Risk markers for suicidality in autistic adults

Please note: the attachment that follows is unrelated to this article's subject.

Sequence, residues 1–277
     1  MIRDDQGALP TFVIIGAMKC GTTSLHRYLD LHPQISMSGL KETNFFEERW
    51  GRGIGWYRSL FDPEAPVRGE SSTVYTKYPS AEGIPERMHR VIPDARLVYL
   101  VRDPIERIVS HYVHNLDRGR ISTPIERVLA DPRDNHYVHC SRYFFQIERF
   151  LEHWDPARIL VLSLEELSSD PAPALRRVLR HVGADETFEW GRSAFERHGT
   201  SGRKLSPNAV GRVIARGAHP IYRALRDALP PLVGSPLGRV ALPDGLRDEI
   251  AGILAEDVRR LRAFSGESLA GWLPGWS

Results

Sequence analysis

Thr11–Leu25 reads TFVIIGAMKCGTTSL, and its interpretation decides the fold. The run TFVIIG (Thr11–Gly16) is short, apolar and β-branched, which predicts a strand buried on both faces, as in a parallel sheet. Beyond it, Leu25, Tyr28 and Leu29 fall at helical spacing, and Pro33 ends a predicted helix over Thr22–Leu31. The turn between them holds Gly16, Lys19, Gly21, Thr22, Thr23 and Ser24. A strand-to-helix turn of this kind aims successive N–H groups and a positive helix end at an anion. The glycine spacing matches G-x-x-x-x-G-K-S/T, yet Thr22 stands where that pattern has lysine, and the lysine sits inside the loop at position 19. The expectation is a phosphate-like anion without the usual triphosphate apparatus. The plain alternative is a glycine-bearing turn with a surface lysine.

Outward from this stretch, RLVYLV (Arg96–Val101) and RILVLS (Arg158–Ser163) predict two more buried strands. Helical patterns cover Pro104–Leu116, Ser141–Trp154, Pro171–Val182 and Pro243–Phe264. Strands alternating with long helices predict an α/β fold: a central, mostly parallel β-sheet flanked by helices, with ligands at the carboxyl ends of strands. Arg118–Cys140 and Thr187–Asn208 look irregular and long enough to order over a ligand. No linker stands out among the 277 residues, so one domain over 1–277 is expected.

Background Research has shown high rates of suicidality in autism spectrum conditions (ASC), but there is lack of research into why this is the case. Many common experiences of autistic adults, such as depression or unemployment, overlap with known risk markers for suicide in the general population. However, it is unknown whether there are risk markers unique to ASC that require new tailored suicide prevention strategies. Methods Through consultation with a steering group of autistic adults, a survey was developed aiming to identify unique risk markers for suicidality in this group. The survey measured suicidality (SBQ-R), non-suicidal self-injury (NSSI-AT), mental health problems, unmet support needs, employment, satisfaction with living arrangements, self-reported autistic traits (AQ), delay in ASC diagnosis, and ‘camouflaging’ ASC. One hundred sixty-four autistic adults (65 male, 99 female) and 169 general population adults (54 males, 115 females) completed the survey online. Results A majority of autistic adults (72%) scored above the recommended psychiatric cut-off for suicide risk on the SBQ-R; significantly higher than general population (GP) adults (33%). After statistically controlling for a range of demographics and diagnoses, ASC diagnosis and self-reported autistic traits in the general population significantly predicted suicidality. In autistic adults, non-suicidal self-injury, camouflaging, and number of unmet support needs significantly predicted suicidality. Conclusions Results confirm previously reported high rates of suicidality in ASC, and demonstrate that ASC diagnosis, and self-reported autistic traits in the general population are independent risk markers for suicidality. This suggests there are unique factors associated with autism and autistic traits that increase risk of suicidality. Camouflaging and unmet support needs appear to be risk markers for suicidality unique to ASC. Non-suicidal self-injury, employment, and mental health problems appear to be risk markers shared with the general population that are significantly more prevalent in the autistic community. Implications for understanding and prevention of suicide in ASC are discussed.